Here's my latest article in the September issue of Family Times magazine.
Transforming Tragedies: An effort to build resilience to trauma in school
Everyone experiences distressing events in their lives. You’ve probably heard about trauma, the emotional response to these events. Our emotional reactions to these events can have long term effects on the way we think, make decisions and relate to others. Developing resilience—our ability to cope with stress—makes responding to adversity easier.
Ever been helped by someone so intent on helping you that they can't see that they're actually trampling you? Some days this feels like the story of my life. Between well meaning friends and family and dysfunctional institutional structures I often feel that my life must be like the running of the bulls in Spain. Some days I'm the bull, other days I'm a runner. In either case I'm never quite sure what the crowd of on lookers is excited about. Are they cheering for my escape or my capture? Are they looking to see if I gore someone or get gored myself? I don't know.
So where am I going with this? Should you dear reader find yourself in a place to help someone who is essentially in their own bull run make that person's experiences the center of the help you offer. Like the runner staying just a few steps ahead of a frightened bull, and the frightened bull trying to get away from the crowd, people needing help have little or no use for lectures. A well executed extraction plan and a clear path forward? Bring it.
Warrior mom is a fashionable feel-good way to refer to mothers caring for their autistic children. I've earned the warrior mom title from others for my efforts on behalf of my children. Being labeled a warrior mom has always felt strange. What I do as a mother is not above and beyond the call of motherhood. To me, it's parenting 101, make sure the kids get what they need to thrive.
Being a warrior suggests two things to me. The first is that there is something or someone to defend. I can appreciate the recognition that as a mother, a big part of my purpose is to protect my children when needed and correct unjust treatment against them. The second is that there's an enemy to fight on behalf of my children. Again, I can appreciate the recognition that there are valid threats to my children that must be actively opposed.
I'm a big fan of the sci-fi and fantasy genres. The stories are chockful of epic battles between good and evil, where ordinary people become warriors and fight to save the day. Think of those Pevensie kids running around Narnia and taking to the battlefield for the showdown with the White Witch. Spoiler alert, not everyone in the story recognized who the real enemy was at the start.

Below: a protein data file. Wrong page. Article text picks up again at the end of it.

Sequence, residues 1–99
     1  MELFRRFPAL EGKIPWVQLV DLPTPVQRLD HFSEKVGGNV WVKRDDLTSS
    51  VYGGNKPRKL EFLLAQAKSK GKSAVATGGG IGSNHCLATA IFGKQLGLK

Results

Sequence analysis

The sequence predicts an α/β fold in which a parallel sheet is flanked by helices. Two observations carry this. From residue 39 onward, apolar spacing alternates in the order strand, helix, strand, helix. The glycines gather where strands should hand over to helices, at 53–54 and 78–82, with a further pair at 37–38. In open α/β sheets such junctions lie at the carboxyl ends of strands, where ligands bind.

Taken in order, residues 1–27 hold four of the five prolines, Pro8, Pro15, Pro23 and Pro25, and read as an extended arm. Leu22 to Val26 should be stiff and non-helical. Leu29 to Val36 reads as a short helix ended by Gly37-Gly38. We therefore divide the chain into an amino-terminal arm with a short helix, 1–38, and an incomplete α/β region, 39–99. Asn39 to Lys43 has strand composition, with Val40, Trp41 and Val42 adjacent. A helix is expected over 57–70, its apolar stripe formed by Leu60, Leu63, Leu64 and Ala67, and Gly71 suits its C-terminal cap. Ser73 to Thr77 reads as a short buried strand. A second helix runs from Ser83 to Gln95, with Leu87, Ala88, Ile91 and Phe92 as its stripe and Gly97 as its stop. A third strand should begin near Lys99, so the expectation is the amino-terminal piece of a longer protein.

When people use the term warrior mom, I often get the sense that they aren't clear about who the enemy is or what must be protected. I've seen parents of autistic children present themselves as being in an epic battle to fight off the autism in their children. It reminds me of the misguided allies of the White Witch in Narnia who feared the coming of summer. Autism doesn't need to be portrayed as an enemy, and it's not something anyone needs to fight against. Perceiving it as such changes what people choose to protect and defend in their children's lives.
So who, or what, do I perceive as my target when I'm doing things that earn me the warrior mom title? I'm always clear that my advocacy is about changing systems and attitudes that make life unnecessarily difficult for my autistic children and the rest of my family. Unbending and punitive policies and practices? Yup, I defend my children against those. Misinformation and factual errors? Definitely fighting back against that. Inadequate services and supports? Those are the bane of my existence, like the mythical Hydra monster of Greek legend. Autism? Not so much.
Treating autism as an enemy makes about as much sense as treating nearsightedness as an enemy. I'm nearsighted and rather than fight against the shape of my eye that makes things blurry, I adapt. My glasses and contact lenses bring images into focus so that I can see where I'm going and what I'm doing. There's no angst involved. I accept that the shape of my eye means blurry vision unaided.
Autism is not the enemy. Just like other traits that I have no control over, I talk about it, and I adapt to it. I've taught my children to do the same. The last thing I want is for them to believe that such an intimate part of them is an enemy.
I take a general what happens if I do this approach to life. It keeps things interesting.